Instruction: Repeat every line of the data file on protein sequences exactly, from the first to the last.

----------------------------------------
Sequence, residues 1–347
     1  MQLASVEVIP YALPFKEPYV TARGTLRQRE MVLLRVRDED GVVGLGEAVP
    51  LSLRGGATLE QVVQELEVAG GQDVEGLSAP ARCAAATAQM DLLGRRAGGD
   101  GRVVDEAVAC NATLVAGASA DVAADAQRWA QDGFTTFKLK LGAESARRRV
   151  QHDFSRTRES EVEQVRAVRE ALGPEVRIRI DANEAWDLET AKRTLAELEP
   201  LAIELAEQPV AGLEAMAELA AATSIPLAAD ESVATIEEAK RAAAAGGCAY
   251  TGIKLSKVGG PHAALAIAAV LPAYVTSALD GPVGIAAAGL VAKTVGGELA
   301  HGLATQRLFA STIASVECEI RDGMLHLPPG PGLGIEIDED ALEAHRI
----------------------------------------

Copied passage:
Sequence, residues 1–347
     1  MQLASVEVIP YALPFKEPYV TARGTLRQRE MVLLRVRDED GVVGLGEAVP
    51  LSLRGGATLE QVVQELEVAG GQDVEGLSAP ARCAAATAQM DLLGRRAGGD
   101  GRVVDEAVAC NATLVAGASA DVAADAQRWA QDGFTTFKLK LGAESARRRV
   151  QHDFSRTRES EVEQVRAVRE ALGPEVRIRI DANEAWDLET AKRTLAELEP
   201  LAIELAEQPV AGLEAMAELA AATSIPLAAD ESVATIEEAK RAAAAGGCAY
   251  TGIKLSKVGG PHAALAIAAV LPAYVTSALD GPVGIAAAGL VAKTVGGELA
   301  HGLATQRLFA STIASVECEI RDGMLHLPPG PGLGIEIDED ALEAHRI